There are three reasons why people may not be able to prevent a maturational crisis.
They can’t see themselves in the new role.
They lack the interpersonal resources to make the role change (i.e. they are not flexible enough to change).
Other people may refuse to recognize the role change.
In each stage of development a person needs nurturance from others.
Maturational crisis are predictable & occur gradually à
they can be prepared for and prevented with for example, marriage counseling, parenting classes, retirement planning.
What can you tell me about situational crisis?
A situational crisis is a response to a traumatic event that is usually sudden & unavoidable.
It usually follows the loss of an established support or role.
The threat or loss of a role viewed as necessary to maintain self-image usually will lead to a crisis state.
Situations that affect the way people perceive themselves include loss of a job, failure in school, loss of a spouse, birth of a retarded child, or diagnosis of a terminal or chronic illness.
The goal is to assist the person in distress to resolve the immediate problem & regain emotional equilibrium.
Your role as the nurse, or intervener is one of active participation à
however you do not take over & make decisions unless the person is suicidal or homicidal. Intervention is a partnership & the belief is that with help people can help themselves.
What does the nurse do? – Helps the person analyze the event, encourages expression of feelings, affirms the right to those feelings no matter what they are, reinforces strengths & abilities, explore other ways to deal with the stressors & encourages support from family, friends & other resources.
What is Critical Incident Stress Debriefing?
A type of crisis intervention.
Critical incidents are any situation that occurs suddenly & unexpectedly, disrupts values & beliefs, & challenges basic assumptions of how the world operates.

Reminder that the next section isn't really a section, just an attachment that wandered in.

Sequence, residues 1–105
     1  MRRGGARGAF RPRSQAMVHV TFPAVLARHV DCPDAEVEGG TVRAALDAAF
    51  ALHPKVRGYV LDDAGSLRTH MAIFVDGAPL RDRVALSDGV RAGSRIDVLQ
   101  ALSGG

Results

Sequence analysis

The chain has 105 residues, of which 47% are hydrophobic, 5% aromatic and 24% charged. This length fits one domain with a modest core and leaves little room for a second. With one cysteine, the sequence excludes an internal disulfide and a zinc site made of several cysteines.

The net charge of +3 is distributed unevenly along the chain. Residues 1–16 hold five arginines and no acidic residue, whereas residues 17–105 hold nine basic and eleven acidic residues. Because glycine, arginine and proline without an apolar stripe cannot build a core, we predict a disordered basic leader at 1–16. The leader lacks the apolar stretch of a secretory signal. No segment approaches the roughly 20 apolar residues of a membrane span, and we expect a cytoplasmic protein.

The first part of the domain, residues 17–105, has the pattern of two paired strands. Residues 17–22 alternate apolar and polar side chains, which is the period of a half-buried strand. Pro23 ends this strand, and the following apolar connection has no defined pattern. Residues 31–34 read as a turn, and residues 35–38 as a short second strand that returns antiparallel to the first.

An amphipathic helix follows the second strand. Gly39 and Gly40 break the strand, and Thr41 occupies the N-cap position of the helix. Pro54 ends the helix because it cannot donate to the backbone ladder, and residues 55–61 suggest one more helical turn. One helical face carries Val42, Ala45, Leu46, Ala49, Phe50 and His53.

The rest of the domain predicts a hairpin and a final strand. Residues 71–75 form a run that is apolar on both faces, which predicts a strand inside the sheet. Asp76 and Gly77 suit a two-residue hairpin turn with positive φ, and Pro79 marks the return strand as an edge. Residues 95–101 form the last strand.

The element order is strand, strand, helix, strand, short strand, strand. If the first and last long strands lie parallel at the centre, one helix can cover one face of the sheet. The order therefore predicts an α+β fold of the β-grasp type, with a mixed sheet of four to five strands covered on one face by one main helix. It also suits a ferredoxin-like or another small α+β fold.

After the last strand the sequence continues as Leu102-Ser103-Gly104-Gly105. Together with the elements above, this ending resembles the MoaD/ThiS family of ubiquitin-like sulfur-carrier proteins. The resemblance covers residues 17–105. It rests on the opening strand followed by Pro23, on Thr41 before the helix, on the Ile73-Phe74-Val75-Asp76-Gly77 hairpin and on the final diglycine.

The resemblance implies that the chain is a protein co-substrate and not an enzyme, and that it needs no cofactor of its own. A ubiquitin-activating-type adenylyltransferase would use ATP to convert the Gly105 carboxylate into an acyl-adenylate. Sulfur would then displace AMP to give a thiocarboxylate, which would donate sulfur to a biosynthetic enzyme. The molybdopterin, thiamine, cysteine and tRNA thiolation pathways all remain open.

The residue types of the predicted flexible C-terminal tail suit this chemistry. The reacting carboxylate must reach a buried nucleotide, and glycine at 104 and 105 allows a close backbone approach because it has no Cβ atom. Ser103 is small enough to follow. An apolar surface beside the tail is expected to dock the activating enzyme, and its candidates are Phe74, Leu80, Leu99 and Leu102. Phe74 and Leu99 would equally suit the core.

Examples of critical incidents include witnessing a violent act, sudden infant death, physical or psychological threats or losses, unusual media events, fires, volcanic eruptions, earthquakes, hurricanes & typhoons.
Intervention focuses on the here & now & is completed in one session. Debriefing usually takes place about 24-72 hours after the incident à
it may act to prevent the development of post-traumatic stress disorder.
What are the characteristics of a crisis intervener?
They must demonstrate calmness & empathy, be able to identify facts in a situation & think clearly to plan solutions to the problem. They must possess courage, make the commitment to work with the person until the problem is resolved & be able to tolerate the uncomfortableness, sadness & anger associated with crisis. It is also important to be nonjudgmental & aware of different cultural values, and not to impose a different lifestyle or value system on the client.
Application of the Nursing Process
Determine if the person is really in crisis (tears, anger & being upset don’t always mean crisis) What is their perception of the stressful event? How threatened are they? Is the perception realistic or distorted?
If there is great anxiety, the person cannot think clearly or identify solutions – is helpful to have them talk about what immediately preceded the distress à